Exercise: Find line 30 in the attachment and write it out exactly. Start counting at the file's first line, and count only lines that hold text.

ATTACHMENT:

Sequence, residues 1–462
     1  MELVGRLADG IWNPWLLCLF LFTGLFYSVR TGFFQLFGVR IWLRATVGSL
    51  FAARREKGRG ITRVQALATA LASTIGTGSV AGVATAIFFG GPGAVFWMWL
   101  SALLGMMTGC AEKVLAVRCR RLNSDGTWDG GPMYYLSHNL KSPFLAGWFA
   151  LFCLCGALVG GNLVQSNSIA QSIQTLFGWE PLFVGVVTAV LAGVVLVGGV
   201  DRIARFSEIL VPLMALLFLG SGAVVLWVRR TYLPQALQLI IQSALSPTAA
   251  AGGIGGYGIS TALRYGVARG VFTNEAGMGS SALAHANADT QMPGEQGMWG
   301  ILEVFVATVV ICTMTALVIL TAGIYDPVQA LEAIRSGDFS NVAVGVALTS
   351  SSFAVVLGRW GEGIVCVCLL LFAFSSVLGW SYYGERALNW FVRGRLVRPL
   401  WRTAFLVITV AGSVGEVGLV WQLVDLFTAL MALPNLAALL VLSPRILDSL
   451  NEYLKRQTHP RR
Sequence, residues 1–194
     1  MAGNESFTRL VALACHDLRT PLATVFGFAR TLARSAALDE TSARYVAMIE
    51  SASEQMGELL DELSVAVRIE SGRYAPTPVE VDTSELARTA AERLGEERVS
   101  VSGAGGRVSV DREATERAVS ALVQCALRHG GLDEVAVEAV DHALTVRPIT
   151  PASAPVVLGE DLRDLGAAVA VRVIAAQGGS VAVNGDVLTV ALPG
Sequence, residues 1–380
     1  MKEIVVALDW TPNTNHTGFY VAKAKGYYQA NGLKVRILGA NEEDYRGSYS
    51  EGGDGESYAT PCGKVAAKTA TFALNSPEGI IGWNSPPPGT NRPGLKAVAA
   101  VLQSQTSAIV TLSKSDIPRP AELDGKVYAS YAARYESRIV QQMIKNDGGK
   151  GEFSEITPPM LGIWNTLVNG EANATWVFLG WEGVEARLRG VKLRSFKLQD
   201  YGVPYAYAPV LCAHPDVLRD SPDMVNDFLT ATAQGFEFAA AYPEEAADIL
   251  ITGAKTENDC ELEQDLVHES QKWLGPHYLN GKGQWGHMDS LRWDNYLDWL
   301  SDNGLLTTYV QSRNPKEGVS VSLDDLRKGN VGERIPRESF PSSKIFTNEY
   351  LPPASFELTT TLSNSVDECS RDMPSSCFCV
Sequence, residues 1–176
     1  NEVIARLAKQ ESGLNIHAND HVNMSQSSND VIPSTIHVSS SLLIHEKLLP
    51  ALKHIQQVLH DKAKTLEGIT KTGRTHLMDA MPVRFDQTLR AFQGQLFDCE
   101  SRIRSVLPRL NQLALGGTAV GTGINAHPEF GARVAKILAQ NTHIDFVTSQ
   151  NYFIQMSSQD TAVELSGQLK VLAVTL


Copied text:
   151  NYFIQMSSQD TAVELSGQLK VLAVTL